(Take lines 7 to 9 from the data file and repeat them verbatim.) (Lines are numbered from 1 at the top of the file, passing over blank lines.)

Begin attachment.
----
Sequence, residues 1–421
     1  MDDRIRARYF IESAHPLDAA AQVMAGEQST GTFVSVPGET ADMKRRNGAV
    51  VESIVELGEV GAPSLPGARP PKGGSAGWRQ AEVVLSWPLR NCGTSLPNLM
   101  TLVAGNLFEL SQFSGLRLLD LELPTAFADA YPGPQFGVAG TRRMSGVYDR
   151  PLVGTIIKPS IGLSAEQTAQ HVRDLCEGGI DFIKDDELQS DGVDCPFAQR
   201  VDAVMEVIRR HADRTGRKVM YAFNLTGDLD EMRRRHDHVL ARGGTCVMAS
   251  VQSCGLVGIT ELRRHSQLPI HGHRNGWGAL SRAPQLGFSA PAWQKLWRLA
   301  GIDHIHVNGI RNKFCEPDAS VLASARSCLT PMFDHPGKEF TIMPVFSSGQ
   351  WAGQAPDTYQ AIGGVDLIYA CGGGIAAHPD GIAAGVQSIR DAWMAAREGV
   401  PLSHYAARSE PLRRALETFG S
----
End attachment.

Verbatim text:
   251  VQSCGLVGIT ELRRHSQLPI HGHRNGWGAL SRAPQLGFSA PAWQKLWRLA
   301  GIDHIHVNGI RNKFCEPDAS VLASARSCLT PMFDHPGKEF TIMPVFSSGQ
   351  WAGQAPDTYQ AIGGVDLIYA CGGGIAAHPD GIAAGVQSIR DAWMAAREGV